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Childcare on Non-Domestic Premises, Sessional day care
Highlights from Latest Inspection
What is it like to attend this early years setting?
The provision is good
Children are happy and build secure relationships with their key person and the other staff. The staff get to know the children extremely well, which helps children feel secure. Children receive a warm welcome on arrival and settle in quickly.
New children benefit from a gradual settling-in programme that staff tailor to meet the child's individual needs. Children move freely around the room and outside area to explore and develop their own ideas. Children particularly enjoy the outdoor area, where they are free to investigate natural materials as they learn about the world around them.
Staff provide children with a br...ight, well-organised environment. A wide range of interesting activities are attractively laid out that ignite children's curiosity and invite them to play and learn. Children behave well throughout the day.
They are kind to each other and are beginning to understand the needs of their friends. Staff are on hand to support children with sharing, turn-taking and other interactions. This means there are very few instances of poor behaviour.
Staff are good role models and promote positive interactions between children. Staff are aware of children's individual needs, and they collaborate effectively with parents. These positive relationships provide continuity and support children to make good progress from their starting points.
What does the early years setting do well and what does it need to do better?
The manager and staff have a good understanding of each child, their families and their needs. Children learn about what makes them unique. They learn about different cultures and ways of life.
This helps to support children to understand the world around them.Staff promote children's understanding of leading a healthy lifestyle effectively. Children enjoy healthy snacks.
They actively describe the textures and tastes of fruit and discuss foods that have nutritional benefits for their bodies.The curriculum is a blend of child-led and adult-initiated activities that aim to cover all seven areas of learning. Staff use their knowledge of child development to plan activities based on the children's interests and next steps.
They use open-ended questions to find out what children already know and extend that knowledge through meaningful interactions. For example, during an activity, staff ask the children what colours they can see. The children struggle to identify one of the colours.
Staff extend children's knowledge by telling them the colour is 'blue'. Later, while picking paint, the children identify the blue paint.Children develop excellent independence and self-help skills.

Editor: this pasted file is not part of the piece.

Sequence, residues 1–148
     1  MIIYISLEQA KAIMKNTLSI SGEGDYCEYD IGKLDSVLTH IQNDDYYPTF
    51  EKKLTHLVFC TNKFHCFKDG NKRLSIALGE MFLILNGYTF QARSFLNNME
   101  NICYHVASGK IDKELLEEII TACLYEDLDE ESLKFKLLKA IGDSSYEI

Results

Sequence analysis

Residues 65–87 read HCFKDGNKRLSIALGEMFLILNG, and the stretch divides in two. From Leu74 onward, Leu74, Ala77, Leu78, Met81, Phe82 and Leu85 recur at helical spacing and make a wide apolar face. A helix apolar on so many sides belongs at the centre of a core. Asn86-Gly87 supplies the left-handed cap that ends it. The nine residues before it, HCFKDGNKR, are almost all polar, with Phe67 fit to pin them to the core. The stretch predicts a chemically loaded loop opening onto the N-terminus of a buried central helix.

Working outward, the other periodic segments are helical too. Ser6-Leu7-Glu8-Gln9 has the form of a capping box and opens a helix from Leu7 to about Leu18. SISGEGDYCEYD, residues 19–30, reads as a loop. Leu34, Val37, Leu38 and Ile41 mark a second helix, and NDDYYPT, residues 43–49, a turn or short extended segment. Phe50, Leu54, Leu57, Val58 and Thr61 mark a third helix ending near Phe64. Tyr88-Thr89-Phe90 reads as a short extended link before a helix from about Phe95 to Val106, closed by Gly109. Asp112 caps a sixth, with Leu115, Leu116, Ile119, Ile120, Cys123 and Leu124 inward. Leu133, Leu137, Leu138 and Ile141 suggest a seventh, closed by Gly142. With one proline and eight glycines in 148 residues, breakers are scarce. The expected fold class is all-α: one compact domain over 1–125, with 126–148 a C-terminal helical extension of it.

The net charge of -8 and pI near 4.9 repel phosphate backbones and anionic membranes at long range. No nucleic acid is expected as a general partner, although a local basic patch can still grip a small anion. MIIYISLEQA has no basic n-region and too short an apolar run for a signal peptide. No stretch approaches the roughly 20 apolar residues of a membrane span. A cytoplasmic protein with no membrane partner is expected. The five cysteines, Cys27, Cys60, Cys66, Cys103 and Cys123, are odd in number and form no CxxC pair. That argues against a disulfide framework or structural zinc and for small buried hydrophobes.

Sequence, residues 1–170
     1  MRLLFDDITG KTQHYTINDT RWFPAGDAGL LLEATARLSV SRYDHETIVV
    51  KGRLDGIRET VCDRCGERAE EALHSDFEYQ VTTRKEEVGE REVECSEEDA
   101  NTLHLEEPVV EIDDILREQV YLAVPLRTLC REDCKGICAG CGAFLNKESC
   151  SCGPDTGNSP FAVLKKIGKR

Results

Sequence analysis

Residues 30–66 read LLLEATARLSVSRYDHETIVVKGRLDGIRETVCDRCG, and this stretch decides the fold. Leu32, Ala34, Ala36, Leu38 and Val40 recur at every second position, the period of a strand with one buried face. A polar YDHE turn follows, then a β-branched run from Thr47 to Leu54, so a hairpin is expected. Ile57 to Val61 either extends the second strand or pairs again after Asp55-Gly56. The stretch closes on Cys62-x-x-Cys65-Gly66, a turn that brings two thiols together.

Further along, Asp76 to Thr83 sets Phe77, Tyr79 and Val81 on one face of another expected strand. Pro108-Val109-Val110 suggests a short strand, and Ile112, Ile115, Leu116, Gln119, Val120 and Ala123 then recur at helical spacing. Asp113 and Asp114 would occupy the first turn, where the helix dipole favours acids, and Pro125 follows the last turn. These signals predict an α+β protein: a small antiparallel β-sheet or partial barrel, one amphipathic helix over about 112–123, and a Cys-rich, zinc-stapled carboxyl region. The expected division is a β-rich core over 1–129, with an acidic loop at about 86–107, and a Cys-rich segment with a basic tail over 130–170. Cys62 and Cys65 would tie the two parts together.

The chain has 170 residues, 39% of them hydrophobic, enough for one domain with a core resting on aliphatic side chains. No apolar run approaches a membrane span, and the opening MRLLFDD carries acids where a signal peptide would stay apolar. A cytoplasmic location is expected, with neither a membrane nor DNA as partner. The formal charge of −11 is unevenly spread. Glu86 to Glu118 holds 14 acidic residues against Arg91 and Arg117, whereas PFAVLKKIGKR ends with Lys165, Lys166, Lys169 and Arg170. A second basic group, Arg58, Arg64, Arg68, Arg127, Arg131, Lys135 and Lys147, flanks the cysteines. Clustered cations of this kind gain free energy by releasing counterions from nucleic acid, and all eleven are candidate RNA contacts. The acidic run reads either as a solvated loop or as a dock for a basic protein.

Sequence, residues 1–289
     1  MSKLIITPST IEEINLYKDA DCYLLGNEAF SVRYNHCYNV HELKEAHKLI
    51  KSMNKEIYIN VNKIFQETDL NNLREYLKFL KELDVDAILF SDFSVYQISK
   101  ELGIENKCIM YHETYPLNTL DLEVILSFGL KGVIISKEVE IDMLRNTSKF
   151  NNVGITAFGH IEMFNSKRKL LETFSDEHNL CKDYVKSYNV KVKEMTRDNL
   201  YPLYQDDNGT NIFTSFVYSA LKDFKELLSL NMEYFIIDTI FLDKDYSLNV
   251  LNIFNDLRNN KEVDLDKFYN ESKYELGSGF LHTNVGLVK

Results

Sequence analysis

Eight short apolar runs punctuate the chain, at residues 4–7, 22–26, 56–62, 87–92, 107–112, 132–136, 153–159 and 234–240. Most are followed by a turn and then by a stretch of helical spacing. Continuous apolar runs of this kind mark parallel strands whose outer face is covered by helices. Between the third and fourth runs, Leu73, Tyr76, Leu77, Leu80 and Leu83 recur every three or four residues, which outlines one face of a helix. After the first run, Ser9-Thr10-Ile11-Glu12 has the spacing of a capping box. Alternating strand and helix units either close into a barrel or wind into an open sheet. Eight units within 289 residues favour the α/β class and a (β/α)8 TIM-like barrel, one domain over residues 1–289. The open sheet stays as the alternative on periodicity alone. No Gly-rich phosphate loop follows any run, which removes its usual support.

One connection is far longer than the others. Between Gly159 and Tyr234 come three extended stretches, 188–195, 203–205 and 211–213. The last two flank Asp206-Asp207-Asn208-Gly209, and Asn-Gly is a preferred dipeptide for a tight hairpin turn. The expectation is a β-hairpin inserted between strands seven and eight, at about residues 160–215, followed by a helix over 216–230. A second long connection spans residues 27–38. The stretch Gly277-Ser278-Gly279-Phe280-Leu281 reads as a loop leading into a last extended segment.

For example, children complete tasks independently at mealtimes and manage their own self-care routines well. Children make independent choices about their learning from the wide range of activities and resources. This means that children are well prepared to meet their own needs when they move on to school.
Children enjoy exploring the outdoor area. They develop an interest in nature and have a good range of interesting resources, inspiring their play and imagination. Staff link the outdoor role-play area to topics and children's experiences.
Children play with empty boxes and pretend they are in 'dinosaur land'. This means that children's imagination and creativity are positively enhanced.Managers understand the requirement for staff to complete a progress check for each child between the ages of two and three years.
However, the procedures they have in place are not fully effective in helping to ensure that every progress check is completed in a timely manner.Overall, children benefit from and enjoy learning together as a whole group. They listen to their favourite stories read by staff, and staff encourage them to take turns choosing songs to sing.
However, some children, including those that are younger, struggle to maintain attention at these times. They sometimes lose focus, become restless or walk away. This can cause disruption, which reduces other children's engagement and learning.
Parents are very happy with the care the nursery provides. They report that their children love attending the setting and make good progress. Staff communicate well with parents.
Parents get regular updates about their child's development and next steps along with activities to support learning at home. Staff offer parents guidance and information on key issues, such as potty training, dummies and irregular sleep patterns.
The arrangements for safeguarding are effective.
Staff are fully aware of their roles and responsibilities to protect the children in their care from harm. Managers and staff undertake regular safeguarding training to help them recognise the signs and symptoms of when a child may be at risk. Staff know the reporting procedures to follow if they become concerned about the welfare of a child or the conduct of a colleague.
Staff take time to get to know children and their families very well, which helps them to identify any concerns quickly and support families to access early help. The premises are secure and cannot be accessed by unauthorised visitors.
What does the setting need to do to improve?
To further improve the quality of the early years provision, the provider should: review the planning and organisation of whole-group activities, considering the needs and abilities of all children within the group, so that all are equally engaged and their learning is maximised strengthen procedures for monitoring the completion of children's progress checks between the ages of two and three years and ensure that they are all completed in a timely manner.
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